In reports into end of life care (EOLC) in the UK, patients and families have highlighted a range of concerns including symptom control, communication, care planning, prognostication and access to services (Neuberger et al, 2013; PHSO, 2015). It is therefore no surprise that the National Palliative and End of Life Care Partnership (NPEOLCP, 2015) demand that EOLC improvement is placed at the top of the agenda. The following discussion will focus on one of the key challenges of EOLC highlighted by patients and professionals, the provision of artificial hydration (AH) (Neuberger et al, 2013). 

Access to drinking water is defined as a fundamental human right (United Nations (UN), 2010). Yet clinical consensus recognises that as a patient enters the dying phase, their ability to hydrate themselves often decreases (NICE, 2017b; Dougherty and Lister, 2015; Ellershaw and Wilkinson, 2011). Indeed, decreased oral intake is defined as one of four key factors in diagnosing dying patients (NICE, 2017b). In this instance, national clinical governance dictates that clinicians must consider the use of AH (NICE, 2015; NICE, 2017a; NICE, 2017b). Yet systematic reviews of the literature demonstrate that practice in this area is inconsistent, particularly in acute hospital settings (Raijmakers et al, 2011; Gent et al, 2015). As a result, AH has proven to be one of the most controversial elements of EOLC for patients and families (Neuberger et al, 2013). 

Given these findings, the challenge that faces clinicians is how best to diagnose dying. Clinical guidance reflects nursing theory (Dougherty and Lister, 2015; Ellershaw and Wilkinson, 2011) and clinical governance (NICE, 2015; NICE, 2017b) in recommending a person might be considered to be dying when at least two of four key symptoms are present without any discernible reversible causes, and following a period of decline. These four factors include the patient being bed-bound, semi-comatose or comatose, unable to take oral medication, and only taking sips of fluid (Clinical Guidance, 2016). However, given the apparent importance patients place in discussing their preferences regarding AH (Bukki et al, 2014; Malia and Bennett, 2011), it is problematic that clinicians may only be recognising that these discussions are appropriate once a patient has already become semi-comatose and unable to engage.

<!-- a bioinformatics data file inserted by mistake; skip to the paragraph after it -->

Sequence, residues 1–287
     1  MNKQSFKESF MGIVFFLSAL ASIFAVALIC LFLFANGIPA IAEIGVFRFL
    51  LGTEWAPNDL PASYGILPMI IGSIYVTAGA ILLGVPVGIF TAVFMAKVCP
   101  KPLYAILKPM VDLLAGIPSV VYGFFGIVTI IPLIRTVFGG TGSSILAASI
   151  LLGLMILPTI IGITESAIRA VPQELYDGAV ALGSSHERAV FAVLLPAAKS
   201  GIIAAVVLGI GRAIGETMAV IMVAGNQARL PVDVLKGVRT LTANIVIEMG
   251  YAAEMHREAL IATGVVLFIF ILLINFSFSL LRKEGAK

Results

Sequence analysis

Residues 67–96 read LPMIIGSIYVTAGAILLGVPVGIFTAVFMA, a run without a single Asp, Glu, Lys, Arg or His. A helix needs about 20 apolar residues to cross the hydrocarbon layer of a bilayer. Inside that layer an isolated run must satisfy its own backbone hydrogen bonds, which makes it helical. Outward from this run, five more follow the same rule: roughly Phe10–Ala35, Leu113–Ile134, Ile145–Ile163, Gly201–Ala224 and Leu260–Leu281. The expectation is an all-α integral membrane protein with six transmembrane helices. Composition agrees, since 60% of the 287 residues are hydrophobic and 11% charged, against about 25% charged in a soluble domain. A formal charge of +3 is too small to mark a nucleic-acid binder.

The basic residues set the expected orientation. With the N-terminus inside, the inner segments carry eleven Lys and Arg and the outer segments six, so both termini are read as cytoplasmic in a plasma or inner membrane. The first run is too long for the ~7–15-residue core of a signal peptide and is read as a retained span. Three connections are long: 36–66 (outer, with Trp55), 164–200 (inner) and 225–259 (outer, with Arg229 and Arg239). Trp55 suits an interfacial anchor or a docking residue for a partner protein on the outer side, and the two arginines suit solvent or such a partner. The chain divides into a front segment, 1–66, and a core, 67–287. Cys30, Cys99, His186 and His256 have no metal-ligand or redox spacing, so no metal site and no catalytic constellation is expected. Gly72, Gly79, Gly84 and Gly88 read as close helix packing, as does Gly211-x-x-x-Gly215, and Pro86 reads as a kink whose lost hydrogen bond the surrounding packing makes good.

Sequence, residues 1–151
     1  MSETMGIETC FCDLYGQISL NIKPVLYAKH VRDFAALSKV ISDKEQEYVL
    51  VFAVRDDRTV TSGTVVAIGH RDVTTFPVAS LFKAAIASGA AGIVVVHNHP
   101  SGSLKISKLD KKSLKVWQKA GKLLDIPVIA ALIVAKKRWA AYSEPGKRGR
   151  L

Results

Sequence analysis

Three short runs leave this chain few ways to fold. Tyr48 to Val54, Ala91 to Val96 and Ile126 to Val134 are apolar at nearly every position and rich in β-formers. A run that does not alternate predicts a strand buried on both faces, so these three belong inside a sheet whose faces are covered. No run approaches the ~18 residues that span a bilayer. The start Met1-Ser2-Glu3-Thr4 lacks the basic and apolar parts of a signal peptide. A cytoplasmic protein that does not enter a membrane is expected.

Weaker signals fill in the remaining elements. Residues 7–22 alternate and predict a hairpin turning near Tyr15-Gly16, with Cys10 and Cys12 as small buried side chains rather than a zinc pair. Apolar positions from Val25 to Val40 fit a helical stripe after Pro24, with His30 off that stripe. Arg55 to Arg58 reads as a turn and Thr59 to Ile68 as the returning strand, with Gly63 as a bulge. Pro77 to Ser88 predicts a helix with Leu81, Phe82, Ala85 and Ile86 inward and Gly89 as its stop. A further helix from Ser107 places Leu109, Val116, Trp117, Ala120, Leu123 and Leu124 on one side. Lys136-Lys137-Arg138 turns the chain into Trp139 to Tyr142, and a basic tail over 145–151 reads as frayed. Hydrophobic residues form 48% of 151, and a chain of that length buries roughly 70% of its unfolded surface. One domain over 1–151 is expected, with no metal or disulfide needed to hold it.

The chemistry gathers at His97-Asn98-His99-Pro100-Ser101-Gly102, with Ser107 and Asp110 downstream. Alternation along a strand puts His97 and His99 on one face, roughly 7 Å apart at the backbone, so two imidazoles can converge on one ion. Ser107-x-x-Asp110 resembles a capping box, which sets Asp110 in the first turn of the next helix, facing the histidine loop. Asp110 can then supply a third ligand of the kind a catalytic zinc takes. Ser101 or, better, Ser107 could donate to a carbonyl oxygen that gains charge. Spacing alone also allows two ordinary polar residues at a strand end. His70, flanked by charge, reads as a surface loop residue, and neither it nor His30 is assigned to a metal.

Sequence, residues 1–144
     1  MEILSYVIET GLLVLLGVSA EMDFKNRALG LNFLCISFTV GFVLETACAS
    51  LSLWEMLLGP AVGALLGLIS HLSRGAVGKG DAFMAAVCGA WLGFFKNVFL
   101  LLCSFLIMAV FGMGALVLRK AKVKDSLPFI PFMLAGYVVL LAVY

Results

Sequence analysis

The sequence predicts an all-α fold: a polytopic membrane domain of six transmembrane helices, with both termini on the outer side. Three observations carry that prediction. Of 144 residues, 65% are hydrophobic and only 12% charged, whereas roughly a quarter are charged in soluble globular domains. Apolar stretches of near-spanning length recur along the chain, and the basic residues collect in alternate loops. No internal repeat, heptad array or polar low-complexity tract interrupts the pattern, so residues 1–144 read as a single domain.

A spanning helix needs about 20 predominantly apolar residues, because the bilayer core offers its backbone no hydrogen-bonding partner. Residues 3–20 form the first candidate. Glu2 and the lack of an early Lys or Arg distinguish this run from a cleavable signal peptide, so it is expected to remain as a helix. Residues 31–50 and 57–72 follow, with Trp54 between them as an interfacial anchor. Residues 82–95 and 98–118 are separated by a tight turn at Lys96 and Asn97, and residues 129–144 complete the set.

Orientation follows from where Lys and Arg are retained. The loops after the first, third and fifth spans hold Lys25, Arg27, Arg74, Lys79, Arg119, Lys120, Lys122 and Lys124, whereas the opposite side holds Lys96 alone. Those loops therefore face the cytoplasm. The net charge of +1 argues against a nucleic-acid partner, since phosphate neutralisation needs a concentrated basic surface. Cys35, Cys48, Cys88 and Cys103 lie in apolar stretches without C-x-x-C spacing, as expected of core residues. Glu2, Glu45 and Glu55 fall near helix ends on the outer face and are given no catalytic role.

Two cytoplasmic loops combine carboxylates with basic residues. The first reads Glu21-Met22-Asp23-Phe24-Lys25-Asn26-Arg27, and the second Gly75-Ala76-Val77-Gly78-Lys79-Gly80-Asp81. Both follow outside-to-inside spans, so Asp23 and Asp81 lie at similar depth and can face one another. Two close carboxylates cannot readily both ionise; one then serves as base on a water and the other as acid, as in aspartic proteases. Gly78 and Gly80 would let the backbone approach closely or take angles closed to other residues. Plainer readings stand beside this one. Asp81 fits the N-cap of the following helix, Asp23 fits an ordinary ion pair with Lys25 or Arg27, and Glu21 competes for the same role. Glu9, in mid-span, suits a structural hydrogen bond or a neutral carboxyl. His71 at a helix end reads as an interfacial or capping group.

Once a person is recognised to be entering the dying phase, consensus dictates that the benefits and costs of AH must be considered and discussed with the patient and family (NICE, 2015; NICE, 2017a; NICE, 2017b). This necessitates that healthcare professionals have a clear understanding of these benefits and burdens themselves. Yet reports into EOLC in the UK have highlighted inconsistency in clinicians’ knowledge regarding the role of AH (Neuberger et al, 2013). Likewise, systematic reviews of the literature consistently reflect limitations and differences in the knowledge bases of healthcare professionals (Gent et al, 2015; Raijmakers, 2011; Del Rio et al, 2012). 

While clinical governance (NICE, 2015) demands that AH is considered at EOL, there is little evidence demonstrating the clinical benefit of AH in dying patients. In a randomised control trial (RCT) conducted in the US by Bruera et al (2013), no statistically significant clinical improvement was found in either patients who received hydration in the last week of life (n=63) or a control group (n=66). However, in order to maintain ethical standards, researchers did not include patients for whom hydration was clinically indicated or contraindicated. It is possible that patients with severe dehydration might have demonstrated greater benefit. 

Nevertheless, in a retrospective examination of the impact of AH in dying patients, Krishna et al (2010) similarly found no difference in hydration-related symptoms between patients who did (n=141) or did not (n=147) receive AH. While the limitations of retrospective studies have been established (Rees, 2012), these findings reflect systematic reviews of the literature regarding the risks and benefits of AH in EOLC, which are consistently inconclusive (Good et al, 2014; Raijmakers et al, 2011). Indeed, it is important to note that the evidence base regarding the risks associated with AH in EOLC is similarly limited (Good et al, 2014; Raijmakers et al, 2011). That is, there is insufficient evidence to categorically assert that AH is either clinically beneficial or detrimental. Said uncertainty makes it reasonable to question why discussion of AH is deemed so crucial to EOLC at all.